CUMMING — Forsyth County Tea Party members heard from two Republican candidates in the wide-open fields for state school superintendent and U.S. Senate on Monday night.
Nancy Jester of DeKalb County is one of 15 political hopefuls vying to replace John Barge as school chief. Before facing a Democrat in November, Jester must secure the May 20 primary race against eight other Republicans.
Jester said she is a “natural fit” for the role because of her fiscal experience as an actuarial consultant.
“We first have a fiscal problem,” she said, calling the current funding formula a “bureaucratic wonderland.”
Financial accountability would be Jester’s first step toward improving education in the state. She would also expand options to customize education for families.
The mother of three students in public schools said curriculum needs to be “common sense, not Common Core,” highlighting the national standards adopted by Georgia. She was critical of the social studies curriculum her third-grader is studying, noting it doesn’t mention the nation’s Founding Fathers or the Bill of Rights.
“This is what’s going on in your schools that your tax dollars are paying for,” she said. “We are not teaching children about the Bill of Rights before we’re teaching them social indoctrination. This is a problem.”
In her address to the gathering of Tea Party members and guests, Handel highlighted her experience serving on the Fulton County commission, as president and CEO of the Greater North Fulton Chamber of Commerce and as Secretary of State.
With each role, she said, she helped make budget cuts, fix mistakes and worked with both Republicans and Democrats.
“That’s the kind of leadership, the kind of resolve, that I’m going to take to the United States Senate because we need to have individuals who have some guts and a spine to really take care and really move forward on some serious issues that this country is facing,” she said.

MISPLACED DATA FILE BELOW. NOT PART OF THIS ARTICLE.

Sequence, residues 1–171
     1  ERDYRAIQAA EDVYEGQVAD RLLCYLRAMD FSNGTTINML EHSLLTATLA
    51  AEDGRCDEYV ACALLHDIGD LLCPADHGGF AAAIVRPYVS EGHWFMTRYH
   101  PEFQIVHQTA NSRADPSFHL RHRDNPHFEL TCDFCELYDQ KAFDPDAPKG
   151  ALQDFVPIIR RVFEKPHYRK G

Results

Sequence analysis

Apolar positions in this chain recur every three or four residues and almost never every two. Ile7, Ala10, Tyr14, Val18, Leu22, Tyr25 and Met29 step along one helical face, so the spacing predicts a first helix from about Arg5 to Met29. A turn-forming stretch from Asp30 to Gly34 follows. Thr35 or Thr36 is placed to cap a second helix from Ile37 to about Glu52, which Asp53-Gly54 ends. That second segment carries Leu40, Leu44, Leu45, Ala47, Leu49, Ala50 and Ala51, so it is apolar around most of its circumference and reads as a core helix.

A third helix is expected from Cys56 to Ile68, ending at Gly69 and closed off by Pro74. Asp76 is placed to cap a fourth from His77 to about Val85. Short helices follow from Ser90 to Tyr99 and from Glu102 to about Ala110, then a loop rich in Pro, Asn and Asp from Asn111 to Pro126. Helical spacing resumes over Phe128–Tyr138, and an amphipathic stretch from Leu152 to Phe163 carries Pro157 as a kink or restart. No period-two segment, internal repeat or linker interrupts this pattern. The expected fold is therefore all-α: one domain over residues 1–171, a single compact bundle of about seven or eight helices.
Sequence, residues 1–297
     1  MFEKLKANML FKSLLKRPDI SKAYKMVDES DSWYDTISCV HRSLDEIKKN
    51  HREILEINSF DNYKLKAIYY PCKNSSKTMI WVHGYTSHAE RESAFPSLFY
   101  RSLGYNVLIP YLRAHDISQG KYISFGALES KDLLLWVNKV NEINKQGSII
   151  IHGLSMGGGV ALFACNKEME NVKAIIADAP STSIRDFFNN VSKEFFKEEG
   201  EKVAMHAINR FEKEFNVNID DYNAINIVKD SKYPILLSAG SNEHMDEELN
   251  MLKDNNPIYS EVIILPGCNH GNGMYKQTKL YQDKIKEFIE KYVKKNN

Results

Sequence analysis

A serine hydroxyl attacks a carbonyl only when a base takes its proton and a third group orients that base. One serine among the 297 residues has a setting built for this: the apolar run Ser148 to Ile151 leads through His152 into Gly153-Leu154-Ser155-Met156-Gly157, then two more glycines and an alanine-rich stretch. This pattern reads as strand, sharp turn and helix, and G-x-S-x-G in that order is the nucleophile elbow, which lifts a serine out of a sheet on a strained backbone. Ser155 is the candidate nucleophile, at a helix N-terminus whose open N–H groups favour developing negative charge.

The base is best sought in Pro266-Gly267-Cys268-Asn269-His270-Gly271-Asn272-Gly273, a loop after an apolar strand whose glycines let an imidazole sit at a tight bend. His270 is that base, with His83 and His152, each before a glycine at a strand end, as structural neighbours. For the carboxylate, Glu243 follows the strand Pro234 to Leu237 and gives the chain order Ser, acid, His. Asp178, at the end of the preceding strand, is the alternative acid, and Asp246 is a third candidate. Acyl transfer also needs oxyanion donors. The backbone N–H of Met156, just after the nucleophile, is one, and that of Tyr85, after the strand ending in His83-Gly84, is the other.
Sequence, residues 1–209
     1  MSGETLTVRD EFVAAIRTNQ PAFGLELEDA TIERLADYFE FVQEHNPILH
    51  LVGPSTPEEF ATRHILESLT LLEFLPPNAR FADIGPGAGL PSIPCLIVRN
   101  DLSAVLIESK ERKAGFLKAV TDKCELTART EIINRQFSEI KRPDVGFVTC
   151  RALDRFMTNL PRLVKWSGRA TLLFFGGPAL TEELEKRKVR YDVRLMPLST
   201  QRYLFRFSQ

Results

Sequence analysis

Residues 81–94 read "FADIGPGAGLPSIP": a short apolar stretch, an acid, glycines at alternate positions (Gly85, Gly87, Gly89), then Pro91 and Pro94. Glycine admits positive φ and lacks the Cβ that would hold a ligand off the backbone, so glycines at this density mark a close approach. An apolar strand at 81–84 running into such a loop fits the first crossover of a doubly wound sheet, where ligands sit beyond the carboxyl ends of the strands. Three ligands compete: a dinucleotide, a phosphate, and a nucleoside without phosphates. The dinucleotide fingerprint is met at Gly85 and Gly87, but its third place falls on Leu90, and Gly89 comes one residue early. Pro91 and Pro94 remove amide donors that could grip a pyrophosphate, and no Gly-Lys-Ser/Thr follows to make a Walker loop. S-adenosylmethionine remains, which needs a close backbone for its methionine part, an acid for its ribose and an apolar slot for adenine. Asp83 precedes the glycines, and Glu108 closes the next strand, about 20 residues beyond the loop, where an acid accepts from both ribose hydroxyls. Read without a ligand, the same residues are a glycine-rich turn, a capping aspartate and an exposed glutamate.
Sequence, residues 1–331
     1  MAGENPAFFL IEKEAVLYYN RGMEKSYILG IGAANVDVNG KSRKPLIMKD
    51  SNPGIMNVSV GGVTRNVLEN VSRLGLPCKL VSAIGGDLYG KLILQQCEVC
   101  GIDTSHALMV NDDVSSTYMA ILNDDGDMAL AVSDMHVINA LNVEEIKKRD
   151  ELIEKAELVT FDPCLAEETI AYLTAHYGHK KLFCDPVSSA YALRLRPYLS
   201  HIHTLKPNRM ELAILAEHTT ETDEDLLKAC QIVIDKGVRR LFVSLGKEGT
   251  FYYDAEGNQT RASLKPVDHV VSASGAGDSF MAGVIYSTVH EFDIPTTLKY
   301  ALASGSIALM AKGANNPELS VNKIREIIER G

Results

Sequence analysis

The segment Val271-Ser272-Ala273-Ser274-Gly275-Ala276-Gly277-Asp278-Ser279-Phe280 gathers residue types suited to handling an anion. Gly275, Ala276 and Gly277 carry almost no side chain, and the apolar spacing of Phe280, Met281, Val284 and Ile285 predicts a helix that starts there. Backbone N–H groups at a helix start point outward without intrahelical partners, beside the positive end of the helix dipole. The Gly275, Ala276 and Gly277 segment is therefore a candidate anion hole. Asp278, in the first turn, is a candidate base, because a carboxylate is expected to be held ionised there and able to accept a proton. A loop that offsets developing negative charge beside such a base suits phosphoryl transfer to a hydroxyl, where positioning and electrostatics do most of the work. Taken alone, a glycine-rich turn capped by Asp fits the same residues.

If elected to succeed Saxby Chambliss, who is not seeking another term, Handel said her priorities would include repealing the Affordable Care Act, which she dubs “the Obama health care tax,” strengthening the nation’s fiscal house using zero-based budgeting and replacing the IRS for the Fair Tax.
According to Handel, citizens are overtaxed and overregulated, but there are still are no results, the debt is unsustainable and the blame is not just on Democrats.
Republicans in the House of Representatives have had a chance to make change and they’ve failed, she said, pointing to three of her opponents in the U.S. Senate race — Paul Broun, Phil Gingrey and Jack Kingston.
“The surest way to keep getting more of the same is to keep electing the same people. The members of congress who are running for this seat, they are asking for a promotion,” she said. “They have had 10 to 20 years to do every single thing that they are talking about doing now.
“Results matter ... and if we really want to put this country on a different track, on a different trajectory, we need to have new leadership in the Senate.”